There is, however, a solution tosaveseismic stratigraphy. In a
more encompassing view, the scale ofrelatively conformablesucces-
sions is set by the scale of observation rather than the resolution of the
data available (Catuneanu, 2019b; Fig. 8). In this approach,relatively
conformablesuccessions sensulargocan be observed at all strati-
graphic scales, as stratal units whose internal unconformities are neg-
sequences offirst order are relatively conformable successions in the
sense that the internal unconformities are negligible relative to the
scale of the sequence (i.e., they do not break the tectonic significance of
thefirst-order sequence and the continuity in the paleogeographic
evolution observed at the basin scale; Fig. 9). This scale-independent
approach to the classification of stratigraphic cycles expands the ap-
plication of Mitchum's (1977) definition of asequenceto all strati-
graphic scales, independently of data resolution.
The use of a scale-variant nomenclature for stratigraphic cycles that
developatdifferentscales(e.g.,parasequences < sequences <
compositesequences < megasequences)isimpededfurtherbythe
Parasequences are commonly dominated by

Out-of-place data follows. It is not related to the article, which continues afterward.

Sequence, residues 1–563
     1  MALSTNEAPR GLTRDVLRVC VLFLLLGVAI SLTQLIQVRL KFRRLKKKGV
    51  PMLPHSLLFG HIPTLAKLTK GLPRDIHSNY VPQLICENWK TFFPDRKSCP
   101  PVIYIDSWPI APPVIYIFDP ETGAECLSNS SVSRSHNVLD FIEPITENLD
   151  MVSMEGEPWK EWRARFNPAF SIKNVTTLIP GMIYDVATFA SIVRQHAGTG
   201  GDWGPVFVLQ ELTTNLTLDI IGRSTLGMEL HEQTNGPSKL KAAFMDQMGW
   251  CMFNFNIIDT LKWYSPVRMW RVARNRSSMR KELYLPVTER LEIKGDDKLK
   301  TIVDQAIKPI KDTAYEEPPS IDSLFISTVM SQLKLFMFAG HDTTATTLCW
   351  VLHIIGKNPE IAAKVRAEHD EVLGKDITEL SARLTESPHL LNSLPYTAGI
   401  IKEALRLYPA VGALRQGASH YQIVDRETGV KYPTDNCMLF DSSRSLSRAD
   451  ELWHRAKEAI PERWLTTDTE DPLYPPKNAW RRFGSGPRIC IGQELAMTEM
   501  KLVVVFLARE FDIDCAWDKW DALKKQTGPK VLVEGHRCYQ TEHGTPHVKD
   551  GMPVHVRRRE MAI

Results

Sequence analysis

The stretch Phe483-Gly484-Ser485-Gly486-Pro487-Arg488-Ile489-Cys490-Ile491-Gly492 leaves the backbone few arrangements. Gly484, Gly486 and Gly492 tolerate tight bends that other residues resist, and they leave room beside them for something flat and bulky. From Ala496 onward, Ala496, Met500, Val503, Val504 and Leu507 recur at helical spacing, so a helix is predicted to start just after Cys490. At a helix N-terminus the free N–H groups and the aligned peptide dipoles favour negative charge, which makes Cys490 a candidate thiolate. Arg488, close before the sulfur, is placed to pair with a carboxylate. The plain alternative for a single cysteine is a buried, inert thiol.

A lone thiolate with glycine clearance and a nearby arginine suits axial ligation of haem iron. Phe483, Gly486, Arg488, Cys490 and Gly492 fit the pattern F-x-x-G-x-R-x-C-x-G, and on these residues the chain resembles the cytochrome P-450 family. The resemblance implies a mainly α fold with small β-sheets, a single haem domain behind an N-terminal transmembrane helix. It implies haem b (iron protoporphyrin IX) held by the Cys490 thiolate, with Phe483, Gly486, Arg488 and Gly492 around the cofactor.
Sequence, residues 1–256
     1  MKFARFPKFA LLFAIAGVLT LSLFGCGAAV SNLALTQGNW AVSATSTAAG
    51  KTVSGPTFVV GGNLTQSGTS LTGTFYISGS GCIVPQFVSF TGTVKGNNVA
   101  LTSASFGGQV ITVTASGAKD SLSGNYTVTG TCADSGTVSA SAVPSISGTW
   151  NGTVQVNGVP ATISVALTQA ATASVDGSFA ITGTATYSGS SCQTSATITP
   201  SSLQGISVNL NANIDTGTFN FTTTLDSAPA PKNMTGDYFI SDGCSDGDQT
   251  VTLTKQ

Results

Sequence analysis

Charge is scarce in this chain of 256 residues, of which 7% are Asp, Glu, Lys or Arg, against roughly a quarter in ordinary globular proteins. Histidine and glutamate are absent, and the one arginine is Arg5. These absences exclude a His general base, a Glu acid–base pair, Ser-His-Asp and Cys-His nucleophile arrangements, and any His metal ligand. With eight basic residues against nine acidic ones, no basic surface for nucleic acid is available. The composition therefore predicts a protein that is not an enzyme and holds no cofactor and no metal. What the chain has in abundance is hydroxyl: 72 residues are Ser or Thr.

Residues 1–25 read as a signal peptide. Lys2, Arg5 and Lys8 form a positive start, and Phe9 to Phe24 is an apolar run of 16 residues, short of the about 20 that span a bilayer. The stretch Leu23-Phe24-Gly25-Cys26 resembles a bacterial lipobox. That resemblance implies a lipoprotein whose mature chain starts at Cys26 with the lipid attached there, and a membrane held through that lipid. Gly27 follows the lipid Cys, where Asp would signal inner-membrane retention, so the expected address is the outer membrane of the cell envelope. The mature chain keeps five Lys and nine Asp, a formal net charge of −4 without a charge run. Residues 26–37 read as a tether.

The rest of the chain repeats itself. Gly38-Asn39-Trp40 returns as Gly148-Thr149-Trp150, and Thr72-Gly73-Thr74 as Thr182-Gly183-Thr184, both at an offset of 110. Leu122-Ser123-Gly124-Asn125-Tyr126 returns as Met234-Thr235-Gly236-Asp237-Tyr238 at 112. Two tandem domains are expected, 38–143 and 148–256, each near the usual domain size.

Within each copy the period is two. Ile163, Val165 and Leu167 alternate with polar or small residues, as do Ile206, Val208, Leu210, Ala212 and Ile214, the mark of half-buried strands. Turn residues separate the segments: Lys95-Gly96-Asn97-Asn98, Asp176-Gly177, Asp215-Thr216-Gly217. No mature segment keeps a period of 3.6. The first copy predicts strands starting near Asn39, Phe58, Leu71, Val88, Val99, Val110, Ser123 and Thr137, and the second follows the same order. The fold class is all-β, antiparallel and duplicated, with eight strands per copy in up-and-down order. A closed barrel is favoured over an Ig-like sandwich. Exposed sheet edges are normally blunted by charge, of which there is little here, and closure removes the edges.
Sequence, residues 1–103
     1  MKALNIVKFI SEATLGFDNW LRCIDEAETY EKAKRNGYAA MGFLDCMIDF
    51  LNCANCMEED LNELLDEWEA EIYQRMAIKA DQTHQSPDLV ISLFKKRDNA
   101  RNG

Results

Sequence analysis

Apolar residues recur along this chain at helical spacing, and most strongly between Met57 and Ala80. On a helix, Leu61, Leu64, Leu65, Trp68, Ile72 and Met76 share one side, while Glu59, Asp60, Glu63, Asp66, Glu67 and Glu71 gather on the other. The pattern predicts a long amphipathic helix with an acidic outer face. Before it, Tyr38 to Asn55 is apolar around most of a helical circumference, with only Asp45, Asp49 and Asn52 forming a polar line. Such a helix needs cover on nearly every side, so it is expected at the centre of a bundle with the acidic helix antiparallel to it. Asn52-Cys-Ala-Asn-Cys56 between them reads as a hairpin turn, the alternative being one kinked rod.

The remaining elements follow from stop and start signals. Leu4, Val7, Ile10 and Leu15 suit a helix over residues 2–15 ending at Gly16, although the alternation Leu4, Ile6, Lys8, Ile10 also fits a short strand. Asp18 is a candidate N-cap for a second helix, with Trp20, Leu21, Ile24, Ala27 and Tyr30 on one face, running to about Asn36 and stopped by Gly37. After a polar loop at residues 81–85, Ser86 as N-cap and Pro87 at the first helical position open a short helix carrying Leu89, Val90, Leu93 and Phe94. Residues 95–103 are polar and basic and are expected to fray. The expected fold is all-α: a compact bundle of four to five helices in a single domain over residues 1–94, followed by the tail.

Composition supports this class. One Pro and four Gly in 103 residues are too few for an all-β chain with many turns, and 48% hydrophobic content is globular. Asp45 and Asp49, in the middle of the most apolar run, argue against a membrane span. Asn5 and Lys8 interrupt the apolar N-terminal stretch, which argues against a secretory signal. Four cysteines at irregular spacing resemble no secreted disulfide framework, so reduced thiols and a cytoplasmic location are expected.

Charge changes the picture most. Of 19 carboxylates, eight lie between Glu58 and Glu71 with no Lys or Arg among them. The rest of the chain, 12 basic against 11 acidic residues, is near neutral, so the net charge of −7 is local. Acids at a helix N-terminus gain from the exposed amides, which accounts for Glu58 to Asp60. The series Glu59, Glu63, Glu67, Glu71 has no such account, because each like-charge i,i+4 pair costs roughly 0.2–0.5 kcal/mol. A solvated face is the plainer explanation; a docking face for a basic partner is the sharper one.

meters thick, but exceptions may occur in
terms of scales and internal makeup. More
sequences,flooding surfaces mark abrupt
increases in water depth (arrows). In this
example, parasequences are c. 10 m thick,
andflooding surfaces coincide with max-
imum regressive surfaces.
Fig. 3.Fining-upward parasequences in a tidalflat setting (Ordovician Juniata
Holland). Jacob staffis 1.5 m. In this example,flooding surfaces coincide with
transgressive surfaces of erosion that replace maximum regressive surfaces.
Fig. 4.Stratigraphic cycles in peritidal carbonates, driven by orbital forcing of
different scales (Triassic, The Dolomites, Italy). In this example, the strati-
graphic cycles satisfy the definition of both depositional sequences and para-
sequences. Abbreviations: FS / SUflooding surface (FS) superimposed on an
exposure surface (subaerial unconformity, SU).
O. Catuneanu and M. ZecchinEarth-Science Reviews 208 (2020) 103289